# Attention mechanism to get Cs
    attns = attention(state)

    with tf.variable_scope('attention_output_projection'):
        output = tf.nn.rnn_cell._linear(
            args=[cell_outputs]+attns, output_size=output_size,
            bias=True)
    if loop_function is not None:
        prev = output
    outputs.append(output)

return outputs, state

And of course, we processes the outputs from our attention_decoder with softmax, flatten and then compare with targets to compute loss.

Nuances:

Sampled Softmax

Using attentional interfaces like this are excellent architecture for seq-seq tasks such as machine translation. But a common issue is the large size of the corpus. This especially proves to be computationally expensive during training when we need to compute the softmax with the decoder outputs. The solution here is to use a sampled softmax. You can read more about why and how in my post here.

Here is the code for a sampled softmax. Note that the weights are the same as our output_projection weights we are using with the decoder, since they both are doing the same task (converting decoder output H-length vector to num_class length vector).

def sampled_loss(inputs, labels):
    labels = tf.reshape(labels, [-1, 1])
    # We need to compute the sampled_softmax_loss using 32bit floats to
    # avoid numerical instabilities.
    local_w_t = tf.cast(w_t, tf.float32)
    local_b = tf.cast(b, tf.float32)
    local_inputs = tf.cast(inputs, tf.float32)
    return tf.cast(
            tf.nn.sampled_softmax_loss(local_w_t, local_b,
                local_inputs, labels,
                num_samples, self.target_vocab_size),
            dtype)
softmax_loss_function = sampled_loss

And then, we can just process the loss with a seq_loss function, where weights are 1 everywhere except 0 where target outputs are PADs. Note: Sampled softmax is only used for training but during inference we have to use regular softmax because we want to sample from the entire corpus for the word, not just a select few that best approximate the corpus.

else:
    losses.append(sequence_loss(
      outputs, targets, weights,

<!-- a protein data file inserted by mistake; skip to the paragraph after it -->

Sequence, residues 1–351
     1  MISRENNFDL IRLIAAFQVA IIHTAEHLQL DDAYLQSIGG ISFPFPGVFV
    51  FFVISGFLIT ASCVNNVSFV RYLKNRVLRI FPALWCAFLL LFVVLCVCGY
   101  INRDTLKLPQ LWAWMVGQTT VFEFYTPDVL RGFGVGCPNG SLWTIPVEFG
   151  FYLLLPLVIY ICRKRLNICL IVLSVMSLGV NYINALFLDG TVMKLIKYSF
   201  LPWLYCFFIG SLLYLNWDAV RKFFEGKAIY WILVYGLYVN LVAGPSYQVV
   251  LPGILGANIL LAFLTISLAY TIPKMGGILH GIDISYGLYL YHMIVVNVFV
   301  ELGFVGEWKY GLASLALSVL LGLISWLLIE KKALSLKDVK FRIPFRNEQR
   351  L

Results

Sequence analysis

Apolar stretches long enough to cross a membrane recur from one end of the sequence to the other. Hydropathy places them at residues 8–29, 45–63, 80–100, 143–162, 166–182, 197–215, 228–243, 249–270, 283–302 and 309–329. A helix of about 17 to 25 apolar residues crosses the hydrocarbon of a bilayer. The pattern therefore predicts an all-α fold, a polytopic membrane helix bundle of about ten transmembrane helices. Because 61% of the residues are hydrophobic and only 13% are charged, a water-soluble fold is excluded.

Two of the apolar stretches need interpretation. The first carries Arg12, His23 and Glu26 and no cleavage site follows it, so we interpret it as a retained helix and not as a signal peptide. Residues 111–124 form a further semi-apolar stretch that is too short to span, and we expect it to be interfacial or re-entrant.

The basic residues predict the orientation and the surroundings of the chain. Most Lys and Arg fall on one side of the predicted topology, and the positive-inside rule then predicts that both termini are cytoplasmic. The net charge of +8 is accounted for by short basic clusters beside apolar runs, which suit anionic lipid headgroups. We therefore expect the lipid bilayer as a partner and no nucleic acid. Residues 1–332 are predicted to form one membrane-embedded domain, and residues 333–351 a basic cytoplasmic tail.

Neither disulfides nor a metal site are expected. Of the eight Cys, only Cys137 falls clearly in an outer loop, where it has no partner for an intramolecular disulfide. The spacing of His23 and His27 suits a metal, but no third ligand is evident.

softmax_loss_function=softmax_loss_function))

Model with buckets:

Another common architectural addition is to use tf.nn.seq2seq model_with_buckets(). This is what the official tensorflow NMT tutorial uses and the main advantage of these buckets is with the attention states. With our model, we are applying attention to all <max_len> hidden states. We should only be doing them to the relevant states since the PADs do not need any attention anyway. With buckets, we can place our sequence in select buckets so there are very few PADs for a given sequence.

However, I find this method a bit crude and if we really wanted to process out the PADs, I would suggest using seq_lens to filter out the PADs first out of the encoder outputs OR once we compute the attention context vectors_i, we zero out the locations where the hidden state comes from a PAD for each sequence. This is a bit complicated and we won’t implement it here but buckets does serve as a decent solution for this extra noise.

Conclusion:

There are many more variants to this attentional interface and it is a growing area of research. I like to use this architecture above for many seq-seq processing tasks as it produces decent results for many situations. Just be wary to have large training and validation sets because these models can easily overfit and produce horrible results for validation. In subsequent posts, we will be using these attentional interfaces for more complicated tasks involving memory and logical reasoning.

Code:

GitHub Repo (Updating all repos, will be back up soon!)

Shapes Analysis:

Encoder inputs are [N, max_len] which are embedded and transformed to [N, max_len, H] and fed into the encoder RNN. The outputs are [N, max_len, H] and state is [N, H] holding the last relevant state for each sample.

The encoder outputs are same as the attention states of shape [N, max_len, H].

Decoder inputs is shape [N, max_len] which are converted to a max_len long time-major list of shape N. Decoder initial state is the encoder state of shape [N, H].  Before getting input into the decoder RNN, the inputs are embedded in to a max_len long time-major list of shape [N, H]. The input may be the actual decoder input or the previous output (during inference). If doing inference, the previous output is derived from the decoder. The output from the decoder from the previous time step had shape [N, H] which sent into a softmax layer (output projection) into shape [N, C]. This output is then reembedded using the same weights we use to embed the inputs, into shape [N, H]. These inputs are fed into the decoder RNN which produces decoder outputs of shape [max_len, N, H] and state [N, H]. The outputs are flattened to [Nmax_len, H] and compared with flattened targets (also of shape [Nmax_len, H]). The losses are masked where targets are PADs and backprop ensues.